When a barnstormer came through Newport, Arkansas, in 1916, 13-year-old Cornelius Coffey and his friends pooled their nickels and dimes to raise enough money for just one kid to ride. They planned to draw straws, but as they watched the airplane take off and land, friends dropped out one by one. Finally only Coffey remained.
He climbed on board for loops and dives, and to the pilot’s astonishment he never squealed or cried. “The pilot said, ’Hey kid, you’re fearless. You should learn to fly,’” Coffey’s grand-nephew Craig Coffey recounted September 22 at the fifty-ninth annual National Aviation Hall of Fame Enshrinement Ceremony. Coffey went on to earn his pilot certificate, become an aircraft mechanic, and establish a Chicago flight school that trained future Tuskegee Airmen—accomplishments that contributed to his selection among the 2023 class of inductees.
“We record their histories and tell their stories [so] their accomplishments inspire the next generation of pioneers, aviators, and leaders,” said James E. Cooling, chair of the National Aviation Hall of Fame. “This is why the National Aviation Hall of Fame exists.”
Coffey dreamed of flying since his first flight as a teenager, but as a Black man in the early twentieth century, his opportunities were limited. He became an auto mechanic and was accepted to the Curtiss Wright School of Aviation for an aviation mechanics course in 1929, but when he reported to class he was denied entry. After his employer threatened legal action, he was admitted, and two years later he graduated at the top of his class. Coffey became the first African American to hold a pilot and mechanic certificate. His Coffey School of Aeronautics at Harlem Airport in Chicago trained more than 1,500 students, including many of the men who would become Tuskegee Airmen.
The United States needed military pilots, and Velta Benn was eager to serve her country. She met the flying requirements for the WASP, but fell just shy of the height requirements. So to prepare for the physical, she hung by her knees from a tree branch, according to daughter Laura Benn. It worked. Benn joined the WASP in 1944 and was assigned to Merced Army Airfield in California, ferrying pilots and airplanes around the country before the WASP were disbanded. Later, she worked as a military flight instructor; became the first woman to land on an aircraft carrier; and logged 55,000 flight hours as a CFI, FAA examiner, and safety expert.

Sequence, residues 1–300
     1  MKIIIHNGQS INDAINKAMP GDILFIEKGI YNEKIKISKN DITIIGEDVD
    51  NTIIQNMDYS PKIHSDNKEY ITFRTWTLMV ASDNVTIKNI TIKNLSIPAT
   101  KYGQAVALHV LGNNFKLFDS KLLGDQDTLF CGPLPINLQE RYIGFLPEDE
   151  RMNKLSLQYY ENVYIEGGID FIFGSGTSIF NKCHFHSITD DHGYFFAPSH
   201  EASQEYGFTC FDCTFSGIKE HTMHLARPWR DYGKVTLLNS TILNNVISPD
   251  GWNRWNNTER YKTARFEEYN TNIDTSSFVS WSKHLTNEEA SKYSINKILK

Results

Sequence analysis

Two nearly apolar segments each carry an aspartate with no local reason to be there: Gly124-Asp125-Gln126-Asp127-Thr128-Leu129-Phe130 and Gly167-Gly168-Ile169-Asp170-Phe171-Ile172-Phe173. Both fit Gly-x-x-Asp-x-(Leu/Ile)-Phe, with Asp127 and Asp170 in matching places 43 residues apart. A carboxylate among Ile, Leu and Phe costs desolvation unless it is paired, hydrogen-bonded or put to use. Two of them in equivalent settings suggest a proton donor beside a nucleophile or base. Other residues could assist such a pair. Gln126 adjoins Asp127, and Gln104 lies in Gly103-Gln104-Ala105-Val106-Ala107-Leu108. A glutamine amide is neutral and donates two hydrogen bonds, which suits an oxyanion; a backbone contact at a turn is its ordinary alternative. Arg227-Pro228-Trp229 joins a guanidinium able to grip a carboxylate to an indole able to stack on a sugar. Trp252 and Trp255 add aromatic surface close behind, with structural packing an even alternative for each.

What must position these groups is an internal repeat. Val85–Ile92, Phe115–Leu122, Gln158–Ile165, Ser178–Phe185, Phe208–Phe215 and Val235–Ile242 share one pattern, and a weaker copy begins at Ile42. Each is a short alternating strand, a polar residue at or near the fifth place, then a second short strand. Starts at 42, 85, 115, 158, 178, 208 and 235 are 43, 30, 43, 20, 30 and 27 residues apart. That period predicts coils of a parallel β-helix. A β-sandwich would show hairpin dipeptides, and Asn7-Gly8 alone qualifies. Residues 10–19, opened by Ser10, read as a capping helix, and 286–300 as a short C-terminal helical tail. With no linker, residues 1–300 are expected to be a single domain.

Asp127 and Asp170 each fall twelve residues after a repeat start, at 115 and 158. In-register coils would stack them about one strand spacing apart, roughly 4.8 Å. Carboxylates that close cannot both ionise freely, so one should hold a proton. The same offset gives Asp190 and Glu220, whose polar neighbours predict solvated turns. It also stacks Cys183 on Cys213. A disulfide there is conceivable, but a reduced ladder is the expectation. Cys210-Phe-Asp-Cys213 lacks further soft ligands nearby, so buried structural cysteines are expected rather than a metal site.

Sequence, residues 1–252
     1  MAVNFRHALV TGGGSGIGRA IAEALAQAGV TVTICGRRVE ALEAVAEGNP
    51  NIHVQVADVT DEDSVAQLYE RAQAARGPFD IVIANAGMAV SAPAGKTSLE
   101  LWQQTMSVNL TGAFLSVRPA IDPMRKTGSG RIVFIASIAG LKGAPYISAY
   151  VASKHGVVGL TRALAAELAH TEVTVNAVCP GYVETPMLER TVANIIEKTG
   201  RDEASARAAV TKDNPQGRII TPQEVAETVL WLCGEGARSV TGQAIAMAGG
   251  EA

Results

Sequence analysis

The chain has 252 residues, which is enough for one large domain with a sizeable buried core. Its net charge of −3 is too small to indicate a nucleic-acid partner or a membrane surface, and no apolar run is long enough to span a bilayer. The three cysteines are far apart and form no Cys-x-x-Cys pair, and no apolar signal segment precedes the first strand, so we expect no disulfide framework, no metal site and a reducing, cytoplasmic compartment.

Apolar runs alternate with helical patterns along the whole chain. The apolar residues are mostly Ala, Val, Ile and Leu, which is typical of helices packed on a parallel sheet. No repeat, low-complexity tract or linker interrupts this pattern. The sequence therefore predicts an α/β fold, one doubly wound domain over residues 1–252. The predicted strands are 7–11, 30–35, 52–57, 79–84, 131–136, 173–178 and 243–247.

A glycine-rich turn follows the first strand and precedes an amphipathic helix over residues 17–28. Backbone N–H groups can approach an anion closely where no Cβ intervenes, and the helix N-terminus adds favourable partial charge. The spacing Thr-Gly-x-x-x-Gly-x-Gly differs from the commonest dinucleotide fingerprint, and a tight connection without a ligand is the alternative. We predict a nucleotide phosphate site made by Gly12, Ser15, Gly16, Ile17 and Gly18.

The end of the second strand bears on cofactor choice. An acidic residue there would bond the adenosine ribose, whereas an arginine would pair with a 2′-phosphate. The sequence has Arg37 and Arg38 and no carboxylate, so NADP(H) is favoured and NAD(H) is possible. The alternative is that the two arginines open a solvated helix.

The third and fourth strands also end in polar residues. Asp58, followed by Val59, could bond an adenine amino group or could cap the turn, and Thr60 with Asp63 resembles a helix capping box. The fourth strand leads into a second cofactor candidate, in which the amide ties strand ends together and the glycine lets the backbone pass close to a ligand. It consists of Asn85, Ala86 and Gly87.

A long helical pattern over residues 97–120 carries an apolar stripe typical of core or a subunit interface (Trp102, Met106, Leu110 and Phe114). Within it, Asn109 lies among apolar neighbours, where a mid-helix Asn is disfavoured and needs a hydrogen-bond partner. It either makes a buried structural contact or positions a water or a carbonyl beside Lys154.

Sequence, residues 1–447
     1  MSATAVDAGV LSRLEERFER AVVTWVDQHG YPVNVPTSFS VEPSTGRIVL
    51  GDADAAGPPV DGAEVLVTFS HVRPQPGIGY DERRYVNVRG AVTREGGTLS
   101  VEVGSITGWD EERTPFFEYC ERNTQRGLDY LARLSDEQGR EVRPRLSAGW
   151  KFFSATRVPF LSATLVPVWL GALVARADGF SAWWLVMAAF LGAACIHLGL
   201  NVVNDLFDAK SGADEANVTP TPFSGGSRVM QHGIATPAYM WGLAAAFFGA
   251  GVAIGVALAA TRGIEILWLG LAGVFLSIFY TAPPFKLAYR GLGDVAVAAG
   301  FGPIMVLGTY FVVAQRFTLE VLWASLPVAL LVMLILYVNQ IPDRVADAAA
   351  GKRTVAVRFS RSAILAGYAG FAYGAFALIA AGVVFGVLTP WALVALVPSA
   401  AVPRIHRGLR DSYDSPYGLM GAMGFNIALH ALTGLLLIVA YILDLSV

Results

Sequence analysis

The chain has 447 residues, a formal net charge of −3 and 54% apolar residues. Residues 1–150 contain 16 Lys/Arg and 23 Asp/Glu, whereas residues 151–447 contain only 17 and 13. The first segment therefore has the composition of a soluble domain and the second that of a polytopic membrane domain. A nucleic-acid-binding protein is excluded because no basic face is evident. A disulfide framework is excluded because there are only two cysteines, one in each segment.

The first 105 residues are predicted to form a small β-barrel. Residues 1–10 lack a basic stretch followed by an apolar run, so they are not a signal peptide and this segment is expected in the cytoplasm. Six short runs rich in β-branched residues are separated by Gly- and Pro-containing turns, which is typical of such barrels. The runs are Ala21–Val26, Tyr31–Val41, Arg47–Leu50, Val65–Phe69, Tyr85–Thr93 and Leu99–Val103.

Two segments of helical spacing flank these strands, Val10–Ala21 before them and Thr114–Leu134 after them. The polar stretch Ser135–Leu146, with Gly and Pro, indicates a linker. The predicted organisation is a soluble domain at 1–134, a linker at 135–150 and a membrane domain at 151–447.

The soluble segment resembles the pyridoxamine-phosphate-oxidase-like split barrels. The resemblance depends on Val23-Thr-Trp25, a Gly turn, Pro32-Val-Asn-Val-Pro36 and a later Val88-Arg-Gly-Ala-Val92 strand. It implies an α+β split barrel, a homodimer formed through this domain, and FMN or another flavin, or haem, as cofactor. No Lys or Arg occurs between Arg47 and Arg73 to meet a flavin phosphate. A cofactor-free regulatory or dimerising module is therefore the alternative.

When Cessna Aircraft restarted its production lines in the 1990s, the first aircraft to leave the factory bore tail numbers with “ES,” a nod to the first president of GAMA. Ed Stimpson was a major force in promoting 1994 legislation limiting liability for aircraft manufacturers, which is often credited with rebooting GA aircraft production in the United States. As the leader of GAMA, Stimpson led an effort to recruit new student pilots; he also oversaw the growth of Embry-Riddle Aeronautical University as a trustee.
The Olympic games were coming to Atlanta, and the airport needed to be ready. Angela Gittens was CEO of Atlanta’s Hartsfield Jackson Atlanta International Airport, the world’s busiest airport, at a critical time. She led the airport through preparations for the games and oversaw modernization of air travel and new policies on security and passenger safety. Later, she led broader airport improvement efforts as director general of Airports Council International (ACI World) and lent her expertise to FAA advisory committees and other projects.
Fred Haise was supposed to be the sixth man to walk on the moon. Haise most famously flew as the lunar module pilot on the aborted Apollo 13 mission during his 20-year career at NASA; he joined the administration as a research pilot in 1959 before moving to the astronaut office and serving as backup crew on Apollo missions 8, 11, and 16; flying on the Apollo 13 mission; working in early space shuttle development; and commanding the space shuttle Enterprise for approach and landing tests. Haise began his aviation career in the U.S. Navy, and after leaving NASA in 1979 he held leadership roles at Northrop Grumman.
Dual passions for oceanography and space led Kathryn Sullivan to explore the highest highs and the deepest depths. The first American woman to walk in space, Sullivan holds Guinness records for the first woman to reach the Challenger Deep, the greatest vertical extent traveled by an individual (within Earth’s exosphere), and the first person to visit space and the deepest point on Earth. She was among the first NASA group to include women and served as the mission specialist on the shuttle mission that launched the Hubble telescope. Her NASA career includes missions aboard the space shuttles Challenger, Discovery, and Atlantis; she later served in multiple roles at the National Oceanic and Atmospheric Administration.
Also honored this year were Sen. Jerry Moran (R-Kan.) and Rep. Sam Graves (R-Mo.) with the Congressional Leadership Award, ForeFlight co-founder Tyson Weihs with the Neil Armstrong Outstanding Achievement Award, NASA’s Ingenuity Mars Helicopter Team with the Milton Caniff Spirit of Flight Award, and Megan Tucker of Hillsboro Charter Academy as the Scott A. Crossfield Teacher of the Year. AOPA was a Silver Sponsor of the event.